THE TORCHSTONE WATCH

THE TORCHSTONE WATCH

Managing Risk in an Increasingly Complex World

ABOUT

TorchStone publishes The Watch to assist our readers in proactively managing risk—whether personal, professional, or organizational—in an increasingly insecure world. The featured articles, blog posts, and expert interviews address vulnerabilities and issues we have frequently encountered while safeguarding high profile individuals, wealthy families, multinational corporations, and international sporting events across six continents. Now, more than ever, security seems to be a precious commodity. Our goal is to give you more of it through The TorchStone Watch.

SPOTLIGHT ISSUE

How to Practice Sustainable Situational Awareness

By TorchStone VP, Scott Stewart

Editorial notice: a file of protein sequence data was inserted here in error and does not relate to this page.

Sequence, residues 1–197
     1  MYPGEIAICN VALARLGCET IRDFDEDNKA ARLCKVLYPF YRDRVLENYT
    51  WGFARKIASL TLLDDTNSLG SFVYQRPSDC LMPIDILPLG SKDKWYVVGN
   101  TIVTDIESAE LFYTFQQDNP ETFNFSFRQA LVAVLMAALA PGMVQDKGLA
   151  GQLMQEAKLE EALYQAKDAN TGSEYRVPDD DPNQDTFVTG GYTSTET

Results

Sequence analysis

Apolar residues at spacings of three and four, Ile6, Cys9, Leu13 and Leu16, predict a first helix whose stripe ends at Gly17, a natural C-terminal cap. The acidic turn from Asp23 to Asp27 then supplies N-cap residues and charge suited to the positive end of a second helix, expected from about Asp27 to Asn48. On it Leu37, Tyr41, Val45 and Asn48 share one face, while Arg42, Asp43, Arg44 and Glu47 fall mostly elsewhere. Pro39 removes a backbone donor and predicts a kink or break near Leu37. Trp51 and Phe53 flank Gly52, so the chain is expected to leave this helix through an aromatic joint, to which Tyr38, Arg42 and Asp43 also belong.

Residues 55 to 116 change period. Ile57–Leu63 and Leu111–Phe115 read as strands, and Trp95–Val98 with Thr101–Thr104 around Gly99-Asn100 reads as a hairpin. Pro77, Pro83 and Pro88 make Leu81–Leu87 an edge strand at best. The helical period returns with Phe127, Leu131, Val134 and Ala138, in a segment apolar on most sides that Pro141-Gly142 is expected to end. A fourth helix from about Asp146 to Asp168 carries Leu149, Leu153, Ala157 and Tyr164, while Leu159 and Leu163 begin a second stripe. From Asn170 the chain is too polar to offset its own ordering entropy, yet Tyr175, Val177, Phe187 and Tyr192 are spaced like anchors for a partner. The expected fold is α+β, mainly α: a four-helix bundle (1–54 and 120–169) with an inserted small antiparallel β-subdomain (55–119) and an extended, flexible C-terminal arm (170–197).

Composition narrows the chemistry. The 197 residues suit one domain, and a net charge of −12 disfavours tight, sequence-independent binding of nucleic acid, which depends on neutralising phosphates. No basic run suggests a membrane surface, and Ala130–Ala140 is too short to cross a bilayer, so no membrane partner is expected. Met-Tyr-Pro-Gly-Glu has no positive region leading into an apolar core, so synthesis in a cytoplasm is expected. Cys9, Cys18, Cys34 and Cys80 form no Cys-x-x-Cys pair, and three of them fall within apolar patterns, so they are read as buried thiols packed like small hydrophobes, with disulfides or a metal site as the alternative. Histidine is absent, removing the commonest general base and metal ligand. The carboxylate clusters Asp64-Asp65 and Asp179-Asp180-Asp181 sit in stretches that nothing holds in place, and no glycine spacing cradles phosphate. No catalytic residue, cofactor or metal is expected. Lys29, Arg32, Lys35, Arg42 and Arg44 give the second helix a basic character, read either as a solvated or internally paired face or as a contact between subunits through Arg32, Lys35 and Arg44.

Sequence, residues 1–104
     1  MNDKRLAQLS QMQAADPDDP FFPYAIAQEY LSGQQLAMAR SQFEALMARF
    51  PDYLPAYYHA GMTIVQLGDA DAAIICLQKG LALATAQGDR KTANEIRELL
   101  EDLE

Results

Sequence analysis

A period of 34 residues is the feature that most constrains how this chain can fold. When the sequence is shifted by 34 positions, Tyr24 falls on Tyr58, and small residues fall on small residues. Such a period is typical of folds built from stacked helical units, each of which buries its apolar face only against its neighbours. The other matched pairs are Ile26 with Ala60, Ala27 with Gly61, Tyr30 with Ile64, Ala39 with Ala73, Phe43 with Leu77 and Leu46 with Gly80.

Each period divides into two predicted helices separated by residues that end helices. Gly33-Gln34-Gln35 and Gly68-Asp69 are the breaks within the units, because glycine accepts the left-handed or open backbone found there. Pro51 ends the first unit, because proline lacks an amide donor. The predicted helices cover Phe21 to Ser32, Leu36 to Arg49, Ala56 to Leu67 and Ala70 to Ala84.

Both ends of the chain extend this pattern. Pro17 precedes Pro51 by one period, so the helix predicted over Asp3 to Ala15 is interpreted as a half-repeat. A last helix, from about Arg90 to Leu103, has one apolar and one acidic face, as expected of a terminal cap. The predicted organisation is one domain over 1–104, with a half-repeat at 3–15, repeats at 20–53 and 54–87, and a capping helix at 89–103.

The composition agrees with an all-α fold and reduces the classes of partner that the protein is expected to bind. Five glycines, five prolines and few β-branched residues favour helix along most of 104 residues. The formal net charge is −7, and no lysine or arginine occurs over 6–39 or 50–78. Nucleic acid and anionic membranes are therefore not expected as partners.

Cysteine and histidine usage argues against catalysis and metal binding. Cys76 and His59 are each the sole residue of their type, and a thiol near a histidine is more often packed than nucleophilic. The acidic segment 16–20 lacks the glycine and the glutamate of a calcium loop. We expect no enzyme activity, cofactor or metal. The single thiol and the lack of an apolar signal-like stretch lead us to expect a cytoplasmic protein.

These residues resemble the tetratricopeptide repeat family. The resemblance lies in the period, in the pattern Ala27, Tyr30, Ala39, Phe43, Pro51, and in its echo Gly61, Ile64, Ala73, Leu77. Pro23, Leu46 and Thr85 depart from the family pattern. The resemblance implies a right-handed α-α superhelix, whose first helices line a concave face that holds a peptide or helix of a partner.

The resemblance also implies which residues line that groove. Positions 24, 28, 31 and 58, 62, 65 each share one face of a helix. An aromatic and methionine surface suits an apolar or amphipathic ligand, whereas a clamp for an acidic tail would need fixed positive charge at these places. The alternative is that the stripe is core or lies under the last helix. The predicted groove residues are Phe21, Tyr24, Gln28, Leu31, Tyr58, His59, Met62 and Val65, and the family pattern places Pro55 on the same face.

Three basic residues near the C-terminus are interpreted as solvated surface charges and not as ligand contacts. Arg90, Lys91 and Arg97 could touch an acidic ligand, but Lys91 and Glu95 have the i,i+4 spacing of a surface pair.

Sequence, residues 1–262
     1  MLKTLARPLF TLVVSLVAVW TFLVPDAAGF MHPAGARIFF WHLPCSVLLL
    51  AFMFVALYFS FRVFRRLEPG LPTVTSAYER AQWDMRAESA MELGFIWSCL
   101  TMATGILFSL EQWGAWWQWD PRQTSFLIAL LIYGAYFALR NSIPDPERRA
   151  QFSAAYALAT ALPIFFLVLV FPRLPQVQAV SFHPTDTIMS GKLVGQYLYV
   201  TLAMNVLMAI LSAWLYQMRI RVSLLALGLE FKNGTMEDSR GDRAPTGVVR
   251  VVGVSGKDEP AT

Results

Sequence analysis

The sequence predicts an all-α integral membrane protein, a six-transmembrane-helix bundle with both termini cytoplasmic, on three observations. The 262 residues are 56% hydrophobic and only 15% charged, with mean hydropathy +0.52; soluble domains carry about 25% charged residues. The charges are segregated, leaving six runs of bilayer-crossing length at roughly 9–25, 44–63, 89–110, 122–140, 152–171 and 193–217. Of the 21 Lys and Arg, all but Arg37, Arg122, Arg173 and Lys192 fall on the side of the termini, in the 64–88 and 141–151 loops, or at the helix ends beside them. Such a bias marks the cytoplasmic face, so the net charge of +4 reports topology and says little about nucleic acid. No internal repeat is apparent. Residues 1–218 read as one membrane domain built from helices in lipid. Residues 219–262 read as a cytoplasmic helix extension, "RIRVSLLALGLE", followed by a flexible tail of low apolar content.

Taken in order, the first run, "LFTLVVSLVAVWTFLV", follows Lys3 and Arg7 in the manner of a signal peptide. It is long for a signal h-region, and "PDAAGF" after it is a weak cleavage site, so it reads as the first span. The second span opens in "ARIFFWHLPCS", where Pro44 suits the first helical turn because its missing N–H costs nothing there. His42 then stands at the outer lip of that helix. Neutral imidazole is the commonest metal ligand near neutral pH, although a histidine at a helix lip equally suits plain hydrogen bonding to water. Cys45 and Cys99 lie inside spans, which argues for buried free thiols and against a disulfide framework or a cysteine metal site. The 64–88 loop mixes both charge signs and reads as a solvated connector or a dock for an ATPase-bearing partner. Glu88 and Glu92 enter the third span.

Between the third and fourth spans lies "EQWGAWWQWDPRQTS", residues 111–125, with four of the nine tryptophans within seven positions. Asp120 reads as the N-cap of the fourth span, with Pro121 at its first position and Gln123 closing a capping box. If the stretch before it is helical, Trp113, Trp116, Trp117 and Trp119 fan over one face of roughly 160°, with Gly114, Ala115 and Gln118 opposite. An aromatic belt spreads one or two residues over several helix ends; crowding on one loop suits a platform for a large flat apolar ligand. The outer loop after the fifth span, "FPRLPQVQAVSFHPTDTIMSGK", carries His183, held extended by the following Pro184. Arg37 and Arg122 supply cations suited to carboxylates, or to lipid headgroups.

Situational awareness is simply paying attention to what is happening in the environment around you in an effort to identify and avoid potential threats and dangerous situations. By practicing three of the levels of situational awareness, you can learn to spot developing threats and proactively act to either avoid them or mitigate their impact. Threats don’t just materialize out of nothing. There are almost always some sorts of warning signs that are missed due to negligence or a lack of awareness.

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ARTICLES

The Benefits of Living Gray – Part Three: On the Internet

Living gray on the Internet means being conscious and careful of what you post, and what other information those posts may contain. Social media can be a valuable tool for criminals to target less wary persons who share location check-ins, vacation plans, or even work details. An individual post may not display much, but together, social media profiles—coupled with metadata—can make a person a valuable and vulnerable target.

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The Benefits of Living Gray – Part Two: At Home